Holiday open house celebrates mansion's history

December 19, 2004|by Alicia Notarianni

CLEAR SPRING - The Clear Spring District Historical Association offered a trip back in time Saturday with Plumb Grove by Candlelight.

Plumb Grove, a mansion built in 1831 by Jonathan Nesbitt, is on Broadfording Road in Clear Spring. The Clear Spring District Historical Association began restoring the property in 1980.

Danny Rohrer, 50, of Boonsboro, a member of the association's board of directors, said the group has offered a holiday open house for the past nine years.


David Wiles, 48, of Clear Spring, president of the association, said the group has more than 650 members who live throughout the United States. Most of them have roots in Washington County or Clear Spring.

Wiles said the group holds the open house for a few reasons, including celebration of the holiday season, camaraderie with friends and neighbors, and to promote preservation.

"If we can create a spark ... if someone walks in and says, 'Look what you can do with an old house,' and it inspires the preservation of one more old house, that makes it all worthwhile," Wiles said.

From 2 p.m. until midnight, visitors to Plumb Grove drove down a long, narrow gravel path to the red brick structure. Smoke billowed from its chimneys. Beyond the white picket fence, ice pillars containing frozen sprigs and berries served as candleholders that lined the sidewalk leading to the front door.

Inside the bright yellow foyer, a large fresh pineapple - the symbol of hospitality - graced the stairway banister. Local musicians took turns playing Christmas carols on the pump organ throughout the event, while association members dressed in period costume milled about, mingling and answering historical questions.

Carl Yeakle, 75, and his wife Elizabeth, 74, who is a native of Clear Spring and a member of the association, drove from Severna Park, Md., for the event.

"I think it's wonderful," Elizabeth Yeakle said. "I'm very impressed with the house. We came just for this."

Visitors paid $5 at the door to cover the cost of refreshments, and additional donations were accepted. Raymond Divelbiss, 50, of Clear Spring, chairman of the event, said more than 400 visitors were expected to attend.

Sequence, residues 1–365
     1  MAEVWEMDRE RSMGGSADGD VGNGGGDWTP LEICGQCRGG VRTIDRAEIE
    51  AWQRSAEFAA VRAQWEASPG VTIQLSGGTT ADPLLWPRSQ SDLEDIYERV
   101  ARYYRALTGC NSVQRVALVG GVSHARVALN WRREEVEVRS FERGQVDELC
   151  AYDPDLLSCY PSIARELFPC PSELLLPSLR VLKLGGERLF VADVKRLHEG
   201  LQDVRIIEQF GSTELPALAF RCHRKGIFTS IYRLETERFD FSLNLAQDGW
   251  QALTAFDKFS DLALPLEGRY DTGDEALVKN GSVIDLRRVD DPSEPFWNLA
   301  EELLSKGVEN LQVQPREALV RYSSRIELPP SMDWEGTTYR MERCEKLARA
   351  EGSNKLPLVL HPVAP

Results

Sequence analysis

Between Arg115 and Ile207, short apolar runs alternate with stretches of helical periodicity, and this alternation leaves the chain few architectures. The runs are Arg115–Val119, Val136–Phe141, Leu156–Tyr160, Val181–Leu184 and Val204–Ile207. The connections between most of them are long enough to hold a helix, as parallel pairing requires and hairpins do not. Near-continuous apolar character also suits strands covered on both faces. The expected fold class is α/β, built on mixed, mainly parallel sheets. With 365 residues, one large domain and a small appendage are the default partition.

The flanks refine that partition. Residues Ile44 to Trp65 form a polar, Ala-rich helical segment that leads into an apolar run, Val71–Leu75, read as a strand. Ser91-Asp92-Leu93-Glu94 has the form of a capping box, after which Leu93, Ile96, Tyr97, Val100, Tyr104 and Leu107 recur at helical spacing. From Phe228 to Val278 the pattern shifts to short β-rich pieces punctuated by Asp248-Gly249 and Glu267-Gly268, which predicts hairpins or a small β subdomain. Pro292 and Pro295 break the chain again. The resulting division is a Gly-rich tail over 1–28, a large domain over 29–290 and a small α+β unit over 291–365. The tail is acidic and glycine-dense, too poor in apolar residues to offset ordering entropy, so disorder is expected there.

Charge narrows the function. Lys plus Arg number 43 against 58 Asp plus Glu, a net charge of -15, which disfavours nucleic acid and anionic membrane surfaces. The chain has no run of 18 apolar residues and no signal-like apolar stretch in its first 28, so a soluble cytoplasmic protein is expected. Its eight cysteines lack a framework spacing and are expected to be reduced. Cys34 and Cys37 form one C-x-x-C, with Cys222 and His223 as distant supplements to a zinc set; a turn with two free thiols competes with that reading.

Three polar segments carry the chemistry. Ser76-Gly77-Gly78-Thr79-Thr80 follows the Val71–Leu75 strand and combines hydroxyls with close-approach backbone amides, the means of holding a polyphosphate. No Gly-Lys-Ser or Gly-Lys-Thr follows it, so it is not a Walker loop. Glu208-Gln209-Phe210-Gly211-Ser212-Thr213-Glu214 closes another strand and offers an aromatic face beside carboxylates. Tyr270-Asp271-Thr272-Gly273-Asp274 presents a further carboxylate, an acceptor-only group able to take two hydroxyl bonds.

Divelbiss said association members decorate the rooms of the home with natural and homemade items only. Barbara Clopper of Clear Spring, a member of the board of directors, said some of her favorite finds this year included bittersweet - a flowering vine - and nandina - an evergreen with red berries - while other members found and shared fresh holly and rosemary trees.

"We just try to add a little flavor from 1800s," Clopper said. "We like to use what they would've used."

The dining room mantle was adorned with a hand-strung garland of walnuts, chestnuts and jingle bells, while the open fireplace in the kitchen was decked with cords of cranberries and kumquats. Colleen Cashell, 39, of Clear Spring, treasurer of the association, festooned the massive spruce in the men's living room with thick strands of wool.

Michele Dyer, 41, of Clear Spring, a member of the association, decorated the children's bedroom with red wool blankets, crocheted mittens and stockings and strings of angels hand-cut from homemade paper. Atop a small table sat a miniature tea set, gumdrops, peppermint sticks and gingerbread cookies.

Association member Pat Violet of Clear Spring smiled as she surveyed the room.

"It's nice to think about the way things used to be," Violet said.

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